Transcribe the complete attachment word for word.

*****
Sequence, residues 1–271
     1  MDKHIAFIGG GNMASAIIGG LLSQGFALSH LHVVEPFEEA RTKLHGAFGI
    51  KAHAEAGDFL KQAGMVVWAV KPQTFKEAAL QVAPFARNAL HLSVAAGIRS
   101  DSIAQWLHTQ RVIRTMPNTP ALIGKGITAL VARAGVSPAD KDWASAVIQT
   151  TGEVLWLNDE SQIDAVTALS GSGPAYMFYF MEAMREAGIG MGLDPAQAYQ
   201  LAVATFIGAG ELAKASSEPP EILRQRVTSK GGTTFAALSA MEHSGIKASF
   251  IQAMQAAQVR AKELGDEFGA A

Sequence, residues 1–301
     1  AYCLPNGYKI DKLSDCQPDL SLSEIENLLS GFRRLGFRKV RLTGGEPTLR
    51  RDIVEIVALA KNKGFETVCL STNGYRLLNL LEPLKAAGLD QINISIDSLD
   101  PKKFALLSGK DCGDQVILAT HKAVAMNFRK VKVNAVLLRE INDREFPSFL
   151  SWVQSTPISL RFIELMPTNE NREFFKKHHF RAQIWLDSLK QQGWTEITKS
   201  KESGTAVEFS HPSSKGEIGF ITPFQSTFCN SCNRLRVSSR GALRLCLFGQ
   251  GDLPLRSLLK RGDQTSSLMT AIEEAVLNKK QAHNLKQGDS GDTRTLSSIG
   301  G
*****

Sequence, residues 1–271
     1  MDKHIAFIGG GNMASAIIGG LLSQGFALSH LHVVEPFEEA RTKLHGAFGI
    51  KAHAEAGDFL KQAGMVVWAV KPQTFKEAAL QVAPFARNAL HLSVAAGIRS
   101  DSIAQWLHTQ RVIRTMPNTP ALIGKGITAL VARAGVSPAD KDWASAVIQT
   151  TGEVLWLNDE SQIDAVTALS GSGPAYMFYF MEAMREAGIG MGLDPAQAYQ
   201  LAVATFIGAG ELAKASSEPP EILRQRVTSK GGTTFAALSA MEHSGIKASF
   251  IQAMQAAQVR AKELGDEFGA A

Sequence, residues 1–301
     1  AYCLPNGYKI DKLSDCQPDL SLSEIENLLS GFRRLGFRKV RLTGGEPTLR
    51  RDIVEIVALA KNKGFETVCL STNGYRLLNL LEPLKAAGLD QINISIDSLD
   101  PKKFALLSGK DCGDQVILAT HKAVAMNFRK VKVNAVLLRE INDREFPSFL
   151  SWVQSTPISL RFIELMPTNE NREFFKKHHF RAQIWLDSLK QQGWTEITKS
   201  KESGTAVEFS HPSSKGEIGF ITPFQSTFCN SCNRLRVSSR GALRLCLFGQ
   251  GDLPLRSLLK RGDQTSSLMT AIEEAVLNKK QAHNLKQGDS GDTRTLSSIG
   301  G